Archive for ‘Fruit’

December 31, 2011

2011 leftovers: blackberry and apple pie

Over the years I have been known to wax lyrical (which is surely another way of saying ‘bored people rigid’) about childhood autumns spent blackberry picking – the huge buckets of blackberries that our family would bring back and the freezer full of blackberry and apple pies and crumbles. It’s a story seen through purple-tinted shades.

We did go blackberry picking, sometimes as a family, often my dad on his own. And I did love those home-baked pies and crumbles – the taste of autumn. In fact I loved them so much that shop-bought blackberries and blackberry-based desserts seemed a heresy. Only recently have I bought blackberries from the supermarket. Huge fat ones, not the smallish, round, neat little berries of subtle joy that I remember.

But this autumn, freshly settled into our new abode in the (almost) wilds of north Essex, a-blackberry-picking we did go (see our blog from the beginning of November). Not long after, a blackberry and apple pie was made.

We used shop-bought pastry as I was feeling lazy that weekend, blind baking the pie bottom before adding some slices of bramley apple, the blackberries, sprinkling over some sugar, encasing with the pie top and baking for 20 minutes.

The result? Well it wasn’t quite the great pie of antiquity, but then nothing was ever going to match the sublime taste of my berry nostalgia. However, it disappeared very quickly one wintery Saturday evening. And yes, it still delivered that true taste of autumn. Can’t wait till next year!

Advertisements
October 3, 2011

Deep purple

Early autumn has been the time for collecting blackberries and sloes along the tracks and wooded paths that run beside the creek where we live. With the sloes we’ve made some sloe gin, obviously, while bags of blackberries have ended up in the freezer to be drawn from whenever we feel drawn to them in the depths of winter. Blackberry and apple pies beckon. A walk along the very same tracks this last weekend found the brambles bare again: while the weather has been unseasonably warm, it’s a sure sign that the colder weather is on its way. A good job we made those foraging trips when we did.

August 3, 2011

A summery pavlova to celebrate!


Welcome readers, to Earth to Plate’s new home in the pretty little estuary town of Wivenhoe in Essex. And please, help yourselves to a slice of summer berry pavlova with a passion fruit sauce. Go on, you know you want to.

Yes, we’ve upped sticks and travelled the 60 or so miles from central London to the countryside. And what does this mean for ETP Towers? It means a whole new way of living and sourcing the ingredients for this vegetarian blog.

In our new home it’s no longer easy to make daily trips to Waitrose, or order an Abel & Cole veg box every week. And is there life beyond metropolitan habitudes? Of course! There’s a lovely little independent grocer, Cansdale Ross & Co, up the road from us, a fantastic little deli that does a good line in cheese, amongst many things, and the East of England Co-op, which supplies a good selection of locally grown fruit and veg, including gorgeous summer fruits from Fiveways Fruit Farm, just outside of Colchester.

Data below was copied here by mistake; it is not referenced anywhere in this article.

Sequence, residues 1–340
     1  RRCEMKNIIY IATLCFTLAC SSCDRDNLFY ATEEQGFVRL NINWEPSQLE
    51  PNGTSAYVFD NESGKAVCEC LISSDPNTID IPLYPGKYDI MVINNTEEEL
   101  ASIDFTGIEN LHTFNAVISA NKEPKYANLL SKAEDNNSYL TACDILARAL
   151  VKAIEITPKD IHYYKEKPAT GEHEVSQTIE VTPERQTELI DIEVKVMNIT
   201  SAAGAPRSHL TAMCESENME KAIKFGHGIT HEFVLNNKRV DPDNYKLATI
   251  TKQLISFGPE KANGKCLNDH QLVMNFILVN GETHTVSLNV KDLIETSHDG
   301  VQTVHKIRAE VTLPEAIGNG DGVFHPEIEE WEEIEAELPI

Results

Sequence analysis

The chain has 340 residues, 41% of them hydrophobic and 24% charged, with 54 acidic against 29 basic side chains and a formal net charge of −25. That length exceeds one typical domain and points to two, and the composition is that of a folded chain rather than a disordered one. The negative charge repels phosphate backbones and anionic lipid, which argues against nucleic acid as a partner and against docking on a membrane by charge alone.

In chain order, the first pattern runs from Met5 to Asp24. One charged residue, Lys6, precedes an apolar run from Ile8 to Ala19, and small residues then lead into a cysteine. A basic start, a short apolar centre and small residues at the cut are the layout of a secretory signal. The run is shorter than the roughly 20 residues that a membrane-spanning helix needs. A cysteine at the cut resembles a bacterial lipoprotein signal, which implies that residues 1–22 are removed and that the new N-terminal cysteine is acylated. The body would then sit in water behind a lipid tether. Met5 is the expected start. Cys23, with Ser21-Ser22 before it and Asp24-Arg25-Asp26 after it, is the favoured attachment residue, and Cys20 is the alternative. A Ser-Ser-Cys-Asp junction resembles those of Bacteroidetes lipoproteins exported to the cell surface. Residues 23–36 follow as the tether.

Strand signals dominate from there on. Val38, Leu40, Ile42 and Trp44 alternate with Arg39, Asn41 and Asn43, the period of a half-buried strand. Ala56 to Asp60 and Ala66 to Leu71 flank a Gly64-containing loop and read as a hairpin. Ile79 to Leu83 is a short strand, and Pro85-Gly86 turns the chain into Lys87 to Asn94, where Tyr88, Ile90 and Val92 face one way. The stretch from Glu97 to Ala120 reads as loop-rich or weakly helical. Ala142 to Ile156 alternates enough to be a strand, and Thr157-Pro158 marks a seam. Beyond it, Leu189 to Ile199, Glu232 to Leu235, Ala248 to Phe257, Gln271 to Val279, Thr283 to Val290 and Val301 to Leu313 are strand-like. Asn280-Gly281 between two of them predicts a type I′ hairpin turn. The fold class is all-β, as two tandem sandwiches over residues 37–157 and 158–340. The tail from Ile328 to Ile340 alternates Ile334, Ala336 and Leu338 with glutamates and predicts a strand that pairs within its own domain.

So, expect more of the usual servings of veggie food as we get the blog back up and running again, plus a look at shopping local and avoiding the big supermarkets.

Oh, and the pavlova? We were eating a lot of Denis Cotter recipes before we left London. It’s one of his – from For the Love of Food, I think. Can’t be certain though, as we were packing up when we made it. It was delightful, but in the midst of the removals chaos we forgot to eat most of it. What a waste. Please don’t do the same.

May 1, 2011

Breakfast blues

The best meal of the day? No. Plain old no. Breakfast is often more likely to be a coffee and pastry eaten at the desk while checking emails, or a dull slice of toast while getting ready to leave the house. Fried breakfasts? Hotels. Proper continental breakfasts? Ditto.

We don’t have enough time on weekday mornings for breakfasts to be great, although they can be good if you give them a little thought. Defrost some summer berries overnight and spoon them over yoghurt and a little oaty muesli – that’s not a bad way to start the day. A bit limited though.

Recently we’ve been experimenting. Around the world, people have completely different ideas as to what constitutes a good meal at the start of the day. A one-pan fry-up in Vietnam? Get outta here. Pastries? Yawn. Instead, what about chillis to wake the senses, hot and spicy soups, noodles with an egg…

My favourite ever breakfast arrived in Bryant Park, New York, and the highlight on the plate was potato. The hotel’s ‘Breakfast Potatoes’ were fluffy little balls of seasoned mash with herbs and cream cheese. Delicious alongside a poached egg. At home on a Sunday we’ll now have all kinds of tomatoey, peppery concoctions for breakfast. We even had some of our own version of breakfast potatoes with some spring greens and chilli the other day. So much for croissants.

Yesterday, after 24 hours where we’d eaten almost nothing very nutritious, we craved fruit. A fruit salad with a dollop of yoghurt was just the thing to get us up and running. Best meal of the day? It’s possible.